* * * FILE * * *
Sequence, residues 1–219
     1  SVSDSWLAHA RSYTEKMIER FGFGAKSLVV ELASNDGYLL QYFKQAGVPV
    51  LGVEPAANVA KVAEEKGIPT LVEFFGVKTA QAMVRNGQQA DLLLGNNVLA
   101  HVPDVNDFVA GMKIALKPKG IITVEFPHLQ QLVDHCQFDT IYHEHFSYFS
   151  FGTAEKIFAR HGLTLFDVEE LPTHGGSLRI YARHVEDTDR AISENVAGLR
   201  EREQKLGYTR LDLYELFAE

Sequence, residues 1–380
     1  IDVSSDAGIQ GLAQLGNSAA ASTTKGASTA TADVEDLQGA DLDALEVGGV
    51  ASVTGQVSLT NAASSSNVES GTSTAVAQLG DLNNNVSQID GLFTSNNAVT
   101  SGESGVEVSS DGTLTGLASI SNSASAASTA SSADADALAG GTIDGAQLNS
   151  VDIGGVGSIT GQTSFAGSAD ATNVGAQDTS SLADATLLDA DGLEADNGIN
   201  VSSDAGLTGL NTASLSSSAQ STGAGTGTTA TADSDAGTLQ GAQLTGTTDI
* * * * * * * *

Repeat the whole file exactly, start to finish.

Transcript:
Sequence, residues 1–219
     1  SVSDSWLAHA RSYTEKMIER FGFGAKSLVV ELASNDGYLL QYFKQAGVPV
    51  LGVEPAANVA KVAEEKGIPT LVEFFGVKTA QAMVRNGQQA DLLLGNNVLA
   101  HVPDVNDFVA GMKIALKPKG IITVEFPHLQ QLVDHCQFDT IYHEHFSYFS
   151  FGTAEKIFAR HGLTLFDVEE LPTHGGSLRI YARHVEDTDR AISENVAGLR
   201  EREQKLGYTR LDLYELFAE

Sequence, residues 1–380
     1  IDVSSDAGIQ GLAQLGNSAA ASTTKGASTA TADVEDLQGA DLDALEVGGV
    51  ASVTGQVSLT NAASSSNVES GTSTAVAQLG DLNNNVSQID GLFTSNNAVT
   101  SGESGVEVSS DGTLTGLASI SNSASAASTA SSADADALAG GTIDGAQLNS
   151  VDIGGVGSIT GQTSFAGSAD ATNVGAQDTS SLADATLLDA DGLEADNGIN
   201  VSSDAGLTGL NTASLSSSAQ STGAGTGTTA TADSDAGTLQ GAQLTGTTDI